US believes SL is positioned at the optimal period to becoming a hub
Assistant US Trade Representative for South and Central Asian Affairs, Mark Linscott during a recent visit to Sri Lanka said that despite the new US administration, the US would not adopt an alternate trade policy towards Sri Lanka implying that economic ties between the two countries may improve considering the US-Sri Lanka Trade and Investment Framework Agreement (TIFA) signed in Washington in 2002.
Linscott and the Economic and Commercial Officer of the US Embassy in Colombo, William Humnicky met with the Sri Lankan Secretary to the Ministry of Industry and Commerce, Chinthaka Lokuhetti; the Commerce Department Director General, Sonali Wijeratne; other Department of Commerce officials and the Senior Advisor to the Minister of Industry and Commerce, Himali Jinadasa.
“The new US administration has a significant shift in change towards several of its trade agreements, mainly the Trans-Pacific Partnership trade deal, and there is a big focus on renegotiating NAFTA as well as correcting our current trade deficits,” Linscott said.
“Despite this, I am not expecting any significant changes in the US’ bilateral trade with Sri Lanka or our Trade and Investment Framework Agreement with Sri Lanka. Being a hub in the region, this is a remarkably exciting time for Sri Lanka and we share the interest in working with Sri Lanka and exploiting its natural advantages for better trade. The WTO Information Technology Agreement and WTO Trade Facilitation Agreement will bring immediate international attention if Sri Lanka moves ahead while I agree that these are challenging initiatives for the country. Also we are pleased about the Government’s private-public partnership vision which TIFA too stresses about. The US is the largest export market for Sri Lanka but our exports to Sri Lanka have not increased in parallel and are down the list, something we need to work on,” he stated.
The US attributed to 27.5% of Sri Lanka’s 2016 total exports and US imports to Sri Lanka for the same year accounted for 2.77% of the country’s total imports from around the world. Data from the Department of Commerce of Sri Lanka indicates that of 2016’s bilateral trade activities, US imports to Sri Lanka were 16% amounting to USD 540 million, with Sri Lankan exports to the US making up 84% amounting to USD 2.8 billion.
Sri Lanka’s exports to the US surged by 33% from $ 2.11 billion in 2012 to $ 2.8 billion in 2016. In the same period, imports from the US to Sri Lanka surged by 130% to $ 540 million. Sri Lanka’s leading exports to the US in 2016 were apparel, clothing accessories and made up textile articles (all three totalling 11.5% of overall exports), solid, new and used tyres (6%), followed by fish, activated carbon and mineral, and cinnamon. Among the leading imports from the US in 2016 were oil cakes (13%), optical and photographic (10%), plastics (5%), medicaments (3%) and wheat and meslin (3%), etc.¹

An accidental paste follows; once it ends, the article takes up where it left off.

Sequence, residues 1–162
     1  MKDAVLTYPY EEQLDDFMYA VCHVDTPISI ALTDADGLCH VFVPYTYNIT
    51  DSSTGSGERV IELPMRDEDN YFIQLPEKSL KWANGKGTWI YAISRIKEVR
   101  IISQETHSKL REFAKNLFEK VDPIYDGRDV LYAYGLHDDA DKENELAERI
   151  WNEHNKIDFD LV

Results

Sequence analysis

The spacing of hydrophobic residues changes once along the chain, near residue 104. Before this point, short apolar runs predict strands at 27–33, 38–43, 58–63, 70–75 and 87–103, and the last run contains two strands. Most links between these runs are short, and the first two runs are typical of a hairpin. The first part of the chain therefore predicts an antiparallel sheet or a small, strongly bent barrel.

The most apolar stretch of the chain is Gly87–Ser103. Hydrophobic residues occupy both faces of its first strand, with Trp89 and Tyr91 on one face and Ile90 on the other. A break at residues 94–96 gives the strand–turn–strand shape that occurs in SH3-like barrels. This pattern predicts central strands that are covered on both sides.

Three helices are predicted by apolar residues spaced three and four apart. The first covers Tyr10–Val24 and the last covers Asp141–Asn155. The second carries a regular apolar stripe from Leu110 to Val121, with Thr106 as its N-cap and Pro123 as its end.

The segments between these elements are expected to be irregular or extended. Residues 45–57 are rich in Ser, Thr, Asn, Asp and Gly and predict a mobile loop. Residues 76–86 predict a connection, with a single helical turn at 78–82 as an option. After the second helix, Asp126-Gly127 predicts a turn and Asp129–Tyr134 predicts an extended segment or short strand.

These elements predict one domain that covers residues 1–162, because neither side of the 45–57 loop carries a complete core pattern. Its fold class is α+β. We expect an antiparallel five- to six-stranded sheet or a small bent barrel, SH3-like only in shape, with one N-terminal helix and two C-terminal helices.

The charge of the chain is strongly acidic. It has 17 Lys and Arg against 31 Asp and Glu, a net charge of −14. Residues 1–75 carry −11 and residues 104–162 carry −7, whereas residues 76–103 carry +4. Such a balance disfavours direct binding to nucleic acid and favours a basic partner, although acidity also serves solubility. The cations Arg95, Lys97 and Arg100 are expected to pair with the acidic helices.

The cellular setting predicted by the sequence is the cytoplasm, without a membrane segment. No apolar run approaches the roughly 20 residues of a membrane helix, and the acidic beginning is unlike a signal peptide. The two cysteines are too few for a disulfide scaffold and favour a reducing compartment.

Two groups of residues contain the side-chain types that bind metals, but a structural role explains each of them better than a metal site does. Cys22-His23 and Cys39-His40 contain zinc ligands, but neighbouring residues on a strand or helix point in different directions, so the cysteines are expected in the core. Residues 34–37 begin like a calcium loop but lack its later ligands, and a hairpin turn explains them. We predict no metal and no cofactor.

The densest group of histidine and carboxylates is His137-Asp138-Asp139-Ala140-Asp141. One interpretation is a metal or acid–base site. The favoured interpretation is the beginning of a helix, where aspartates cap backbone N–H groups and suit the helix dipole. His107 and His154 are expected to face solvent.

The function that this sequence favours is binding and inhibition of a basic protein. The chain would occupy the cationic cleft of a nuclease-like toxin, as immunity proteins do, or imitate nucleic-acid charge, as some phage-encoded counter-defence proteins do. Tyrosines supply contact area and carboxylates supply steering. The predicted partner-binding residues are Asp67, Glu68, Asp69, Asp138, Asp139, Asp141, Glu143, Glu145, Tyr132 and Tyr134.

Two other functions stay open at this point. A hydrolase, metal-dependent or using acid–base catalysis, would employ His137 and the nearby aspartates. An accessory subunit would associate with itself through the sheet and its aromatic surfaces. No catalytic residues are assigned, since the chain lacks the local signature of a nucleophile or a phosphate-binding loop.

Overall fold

“We welcome the recent US support by expanding the US’ GSP’s scope, which enhances our exports of travel goods to the US. Sri Lanka has one of the highest US GSP utilisation rates among other US GSP beneficiaries – we use 85%. Therefore it is time we see more new initiatives via TIFA and are keen to strengthen the TIFA path. Having successfully concluded the inter-sessional meeting in September 2016 at the 12th Joint Council Meeting (JCM) to adopt a five-year action plan, it is time to meet again,”Lokuhetti said.
“We are looking to move on from the past and create a special (trade) plan for Sri Lanka on TIFA. A real example is using trade to increase economic growth. We too definitely want to see TIFA’s follow-up on the progress achieved in Washington,” he added.
Data from the Department of Commerce of Sri Lanka indicates that bilateral trade between the two countries from 2012 to 2016 increased by 43% from USD 2.34 billion to USD 3.34 billion and 2016’s year-on-year bilateral trade with the US increased by 2.14% to USD 3.34 billion from 2015’s USD 3.27 billion.
Continuing trade relations between the US and Sri Lanka is a positive as the US being a consumer driven will continue to demand imports from Sri Lanka which is an export reliant nation.
|Article Code :||VBS/AT/22092017/Z_3|